Try for optimum rugby nutrition

Brit News, Business, Sport

Following the final match of this year’s Six Nations Championship, and with the World Cup later this year, many people might be inspired to either take up the game again or start playing for the first time.

But it takes more than just a pair of rugby boots, a gum shield and some good washing powder.  To be at the top of an individual’s game it is important to look at the nutrition the body needs for endurance and strength over eighty physical minutes on the pitch.

General Manager from Health Plus Simon Bandy shares his knowledge on getting the body match ready:

Protein power – protein plays a significant part in the diet of a rugby player for muscle strength, growth and repair.  Salmon, turkey, chicken and eggs are great sources as they can easily be added to meals.  Protein is also found in beans and pulses which are good for slowing down metabolism, helping people feel fuller for longer and many contain magnesium which is essential for recovery.  To boost protein intake try opting for a protein shake which can be used as a snack between meals.

Carbohydrates – Carbohydrates are needed and used for energy, so it is important for rugby players to include good sources.  Opting for brown versions of foods such as bread and rice will also boost nutrition.  Other good swaps include white potatoes for vitamin C rich sweet potato.  It is also recommended to avoid carbs with excessive salt and sugar levels to prevent energy slumps.

Fats – Good fats are essential for everyone but for those who play rugby choosing extra virgin olive oil over bad fats and oils is a must as it is loaded with antioxidants which can fight inflammation which is important when playing a contact sport.  Full fat yoghurt is also a good option as it contains calcium for healthy bones and also probiotics, which populate the gut and play an important role in the body’s immunity.  Oily fish such as mackerel and salmon are also a great source of good fats.  The omegas contained in these have been proven to help with brain function.  For those who don’t like the strong taste of oily fish choose a supplement like Health Plus Omega Complex (30 caps – £5.45).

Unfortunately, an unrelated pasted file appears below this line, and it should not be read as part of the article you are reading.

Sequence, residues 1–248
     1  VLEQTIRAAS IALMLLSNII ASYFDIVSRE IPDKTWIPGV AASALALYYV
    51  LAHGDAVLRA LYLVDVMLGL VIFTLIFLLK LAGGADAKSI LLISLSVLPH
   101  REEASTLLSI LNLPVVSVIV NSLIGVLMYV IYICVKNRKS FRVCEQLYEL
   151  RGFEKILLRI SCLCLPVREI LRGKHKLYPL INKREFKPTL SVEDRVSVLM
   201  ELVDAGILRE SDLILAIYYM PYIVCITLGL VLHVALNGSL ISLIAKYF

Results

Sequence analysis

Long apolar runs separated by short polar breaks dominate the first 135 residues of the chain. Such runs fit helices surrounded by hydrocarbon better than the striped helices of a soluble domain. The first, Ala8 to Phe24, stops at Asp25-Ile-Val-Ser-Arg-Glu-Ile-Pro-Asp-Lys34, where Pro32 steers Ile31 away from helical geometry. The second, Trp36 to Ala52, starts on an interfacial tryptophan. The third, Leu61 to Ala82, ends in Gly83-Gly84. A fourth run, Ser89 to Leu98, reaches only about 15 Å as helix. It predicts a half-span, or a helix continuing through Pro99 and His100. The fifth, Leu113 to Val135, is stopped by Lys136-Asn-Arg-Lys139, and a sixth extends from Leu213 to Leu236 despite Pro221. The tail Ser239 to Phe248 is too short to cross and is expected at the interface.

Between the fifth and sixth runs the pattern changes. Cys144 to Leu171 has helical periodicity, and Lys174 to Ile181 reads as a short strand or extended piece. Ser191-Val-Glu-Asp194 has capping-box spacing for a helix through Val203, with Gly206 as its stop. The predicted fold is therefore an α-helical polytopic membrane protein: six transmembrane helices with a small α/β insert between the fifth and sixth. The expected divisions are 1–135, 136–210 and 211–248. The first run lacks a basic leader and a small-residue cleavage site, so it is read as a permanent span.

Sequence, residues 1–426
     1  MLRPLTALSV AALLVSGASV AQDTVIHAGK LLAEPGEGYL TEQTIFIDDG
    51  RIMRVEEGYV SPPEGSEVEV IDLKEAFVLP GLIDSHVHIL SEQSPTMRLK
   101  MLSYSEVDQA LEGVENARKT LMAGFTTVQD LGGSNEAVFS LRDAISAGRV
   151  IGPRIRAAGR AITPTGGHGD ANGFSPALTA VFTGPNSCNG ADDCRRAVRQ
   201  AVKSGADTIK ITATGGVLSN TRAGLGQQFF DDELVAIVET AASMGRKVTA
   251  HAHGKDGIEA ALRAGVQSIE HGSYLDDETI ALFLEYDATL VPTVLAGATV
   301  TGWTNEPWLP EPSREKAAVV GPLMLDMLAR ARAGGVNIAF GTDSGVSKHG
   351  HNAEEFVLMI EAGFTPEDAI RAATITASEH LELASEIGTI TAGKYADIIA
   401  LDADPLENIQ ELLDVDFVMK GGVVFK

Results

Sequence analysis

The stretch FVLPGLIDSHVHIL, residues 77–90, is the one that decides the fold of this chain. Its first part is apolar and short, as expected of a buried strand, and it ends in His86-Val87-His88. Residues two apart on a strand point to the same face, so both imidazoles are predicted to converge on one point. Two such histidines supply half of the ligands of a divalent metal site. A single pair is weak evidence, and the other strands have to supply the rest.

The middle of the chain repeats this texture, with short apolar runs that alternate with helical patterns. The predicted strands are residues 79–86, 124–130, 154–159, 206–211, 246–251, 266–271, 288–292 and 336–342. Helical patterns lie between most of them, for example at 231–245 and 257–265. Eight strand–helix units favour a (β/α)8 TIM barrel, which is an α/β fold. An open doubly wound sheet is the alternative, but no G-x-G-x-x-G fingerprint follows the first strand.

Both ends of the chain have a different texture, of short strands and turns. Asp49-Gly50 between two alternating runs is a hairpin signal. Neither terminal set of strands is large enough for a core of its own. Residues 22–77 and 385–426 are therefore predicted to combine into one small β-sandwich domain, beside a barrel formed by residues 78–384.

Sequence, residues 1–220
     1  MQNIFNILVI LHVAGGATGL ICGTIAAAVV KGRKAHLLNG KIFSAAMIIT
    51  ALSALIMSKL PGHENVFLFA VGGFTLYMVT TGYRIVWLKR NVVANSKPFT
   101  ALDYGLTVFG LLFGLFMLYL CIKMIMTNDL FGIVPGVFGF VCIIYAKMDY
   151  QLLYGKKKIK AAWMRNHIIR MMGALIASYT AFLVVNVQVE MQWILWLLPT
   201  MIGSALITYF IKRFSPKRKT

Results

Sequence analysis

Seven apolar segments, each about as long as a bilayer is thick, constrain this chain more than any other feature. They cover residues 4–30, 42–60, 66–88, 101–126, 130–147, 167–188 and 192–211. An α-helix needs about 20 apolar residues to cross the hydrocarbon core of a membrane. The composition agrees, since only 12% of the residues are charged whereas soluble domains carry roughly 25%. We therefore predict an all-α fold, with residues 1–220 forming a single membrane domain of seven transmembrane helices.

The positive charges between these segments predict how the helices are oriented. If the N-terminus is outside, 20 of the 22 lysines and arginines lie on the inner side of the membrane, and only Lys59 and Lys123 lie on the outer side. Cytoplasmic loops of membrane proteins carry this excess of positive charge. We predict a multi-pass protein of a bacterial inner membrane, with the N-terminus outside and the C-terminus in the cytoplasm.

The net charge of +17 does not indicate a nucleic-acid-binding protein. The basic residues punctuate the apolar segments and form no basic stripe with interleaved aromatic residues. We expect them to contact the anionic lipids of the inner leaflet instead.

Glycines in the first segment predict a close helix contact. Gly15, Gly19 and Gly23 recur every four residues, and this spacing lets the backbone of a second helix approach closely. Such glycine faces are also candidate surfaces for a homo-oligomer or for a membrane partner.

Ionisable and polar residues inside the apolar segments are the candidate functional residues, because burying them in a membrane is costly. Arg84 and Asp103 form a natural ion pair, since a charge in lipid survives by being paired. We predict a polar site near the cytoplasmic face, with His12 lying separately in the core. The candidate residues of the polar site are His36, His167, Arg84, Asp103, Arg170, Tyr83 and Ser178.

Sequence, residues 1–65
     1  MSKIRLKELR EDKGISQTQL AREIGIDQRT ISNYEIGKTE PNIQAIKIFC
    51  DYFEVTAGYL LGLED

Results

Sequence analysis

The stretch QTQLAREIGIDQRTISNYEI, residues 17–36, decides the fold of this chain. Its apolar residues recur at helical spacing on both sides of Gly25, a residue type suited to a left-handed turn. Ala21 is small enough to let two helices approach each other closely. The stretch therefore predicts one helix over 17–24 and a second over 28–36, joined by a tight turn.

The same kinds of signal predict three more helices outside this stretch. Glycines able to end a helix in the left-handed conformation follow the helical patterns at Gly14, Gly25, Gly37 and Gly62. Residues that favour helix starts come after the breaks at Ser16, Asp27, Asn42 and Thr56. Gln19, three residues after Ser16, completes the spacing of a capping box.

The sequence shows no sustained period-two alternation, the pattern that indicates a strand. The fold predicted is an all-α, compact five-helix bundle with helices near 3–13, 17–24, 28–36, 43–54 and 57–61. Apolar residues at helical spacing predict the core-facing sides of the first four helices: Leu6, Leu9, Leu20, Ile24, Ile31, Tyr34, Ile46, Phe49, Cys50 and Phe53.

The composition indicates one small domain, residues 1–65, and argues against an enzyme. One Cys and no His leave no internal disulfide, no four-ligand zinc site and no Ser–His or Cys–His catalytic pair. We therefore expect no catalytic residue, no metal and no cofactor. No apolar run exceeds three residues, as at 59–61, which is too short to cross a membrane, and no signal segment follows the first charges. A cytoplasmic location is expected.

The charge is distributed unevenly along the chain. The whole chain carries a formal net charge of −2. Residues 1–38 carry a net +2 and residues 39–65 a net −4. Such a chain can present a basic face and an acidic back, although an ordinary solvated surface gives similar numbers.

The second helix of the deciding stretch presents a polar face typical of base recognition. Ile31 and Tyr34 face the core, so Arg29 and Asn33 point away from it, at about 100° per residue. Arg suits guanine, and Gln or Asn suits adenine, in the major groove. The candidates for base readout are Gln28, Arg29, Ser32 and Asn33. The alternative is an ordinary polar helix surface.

Simon said: “Maintaining a healthy diet while avoiding processed foods and alcohol are important when looking at improving performance.  What we feed our bodies has a direct correlation on how they perform.  What is also important to remember about the build of a rugby player is that the standard way of calculating body mass index (BMI) doesn’t apply due to their larger muscular frames.

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